What does machine translation do in a blog on terminology management? And how on earth can MT and excellence appear in the same sentence? Terminology management is one of the cornerstones of MT. And excellence isn’t tied to a technology, it is tied to you!
After a seven-year hiatus, I finally joined my friends in the American Translators Association again this year. And last week, I was in my former US hometown of Denver at the annual conference of the ATA. I was surprised about a couple of things.
For one, the profession has matured incredibly since I last attended the conference in Phoenix 2003. The number of government representatives who attended and spoke coherently about the field bears witness to that. There was great news coverage. But most of all, I could sense a different attitude among attendees many of whom I have known since I first joined the ATA in 1996: There is pride in what we do and the courage to stand up for it!
The other surprise was that this apparently was the first time a real interaction between representatives of human AND machine translation took place (“Man vs. Machine,” a panel discussion of representatives from both camps moderated by Jost Zetzsche). That is stunning to me, since I spent the last six years in an environment where MT is routine.
As terminologist, I look at MT as an opportunity for cooperation. In fact, it was Microsoft Research, where machine translation research is located within Microsoft, who declined, when we first suggested collaboration years ago. It made sense to us to supply well-researched terms and appellations to support MT. Terminology from Term Studio has since been integrated into the MT process at Microsoft.
I suppose it is fear that still seems to have a hold on translators. It might be the fear of losing market share, of needing to change to more tools or automation, or of failing with clients. Let’s go through this one by one.
In my mind, there is one market for translation; we could even say one market for content production in target and/or source languages. This market consists of different segments, and we, as language professionals, have a choice on where we want to play. The segments are not strictly delimited, meaning a translator could move between them, but let’s focus on the following three.
- A Chris Durban, who represented human translators in the panel discussion and who is serving the high-end translation market (marketing, financial reports, etc.), chooses to stay away from automation. I venture to say that her work is better carried out without automation. The key is that she achieves excellence in what she does. And she asks to be paid for it, and paid well.
- Another translator might choose to focus on the high-volume market of manuals and handbooks in a particular industry. He will work with what Jost Zetzsche calls translation environment tools, short TEnTs. That will enable him to produce higher volumes than Chris, but with equal excellence.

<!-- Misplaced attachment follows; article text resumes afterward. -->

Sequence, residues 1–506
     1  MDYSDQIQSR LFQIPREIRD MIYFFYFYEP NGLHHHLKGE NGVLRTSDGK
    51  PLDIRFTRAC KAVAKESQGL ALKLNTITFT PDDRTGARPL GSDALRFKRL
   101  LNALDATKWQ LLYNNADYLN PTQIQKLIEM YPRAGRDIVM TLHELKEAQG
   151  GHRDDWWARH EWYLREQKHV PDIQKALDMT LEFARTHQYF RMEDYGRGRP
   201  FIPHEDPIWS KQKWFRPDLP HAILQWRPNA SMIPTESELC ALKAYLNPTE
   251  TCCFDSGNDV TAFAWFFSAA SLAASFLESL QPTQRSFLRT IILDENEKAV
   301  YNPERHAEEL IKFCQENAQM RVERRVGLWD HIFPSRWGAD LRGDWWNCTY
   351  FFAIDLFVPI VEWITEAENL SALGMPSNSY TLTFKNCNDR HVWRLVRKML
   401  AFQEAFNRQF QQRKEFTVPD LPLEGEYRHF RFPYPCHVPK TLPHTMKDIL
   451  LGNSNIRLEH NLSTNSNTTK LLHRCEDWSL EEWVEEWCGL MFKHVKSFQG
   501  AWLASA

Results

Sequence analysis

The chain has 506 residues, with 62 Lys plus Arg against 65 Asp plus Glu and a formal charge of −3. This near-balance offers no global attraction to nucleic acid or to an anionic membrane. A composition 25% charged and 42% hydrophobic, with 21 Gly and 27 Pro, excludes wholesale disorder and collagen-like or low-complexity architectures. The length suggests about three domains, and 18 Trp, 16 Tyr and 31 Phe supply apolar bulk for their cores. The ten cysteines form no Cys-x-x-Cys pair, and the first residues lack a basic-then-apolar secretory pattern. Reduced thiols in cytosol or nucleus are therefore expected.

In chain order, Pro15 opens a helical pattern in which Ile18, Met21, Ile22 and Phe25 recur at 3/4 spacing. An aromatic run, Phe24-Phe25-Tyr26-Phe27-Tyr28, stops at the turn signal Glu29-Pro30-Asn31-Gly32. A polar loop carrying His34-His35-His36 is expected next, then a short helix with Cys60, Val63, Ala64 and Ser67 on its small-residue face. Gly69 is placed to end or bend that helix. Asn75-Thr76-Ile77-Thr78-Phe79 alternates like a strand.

- And then there are those, such as the translators at PAHO, the Pan American Health Organization, who post-edit machine translation output. Again, they have a different environment, but they do what they do successfully, because they strive to do it well.
At times, an individual might choose to stay in the segment they are in or to make a transition into another segment, which requires flexibility and diligence. If you thought you could get away with less than hard work, you might have chosen the wrong profession (or planet, for that matter). I believe in that, but I also believe in the fun and gratification that comes from delivering excellence.
The last point is working with clients. The need for client education is high. The ATA has contributed a lot in that area. If you are a member, just check out all the different resources available to us. True, it is tough to do client education when you are making a living being paid only for the word in the translation. It takes skill to find the right balance. Nonetheless, clients must be informed about what they ask for, especially those who say that “quality doesn’t matter,” because very likely they have no clue. Once you have done your duty and the client still insists on some form of “quick and dirty,” you can always say no to the job. I saw projects not succeed despite warnings and suggestions. But it is not the end of the world when someone insists on, say, machine translation without preparatory or complementary work and then fails with their own customers. You could consider it self-education. You just don’t want to be in the middle of it.
In my experience, if we aim for excellence, we will be financially successful and professionally gratified. Then, it doesn’t matter so much whether we chose “pure human translation”, decide on some form of translation automation environment, or focus completely on terminology management.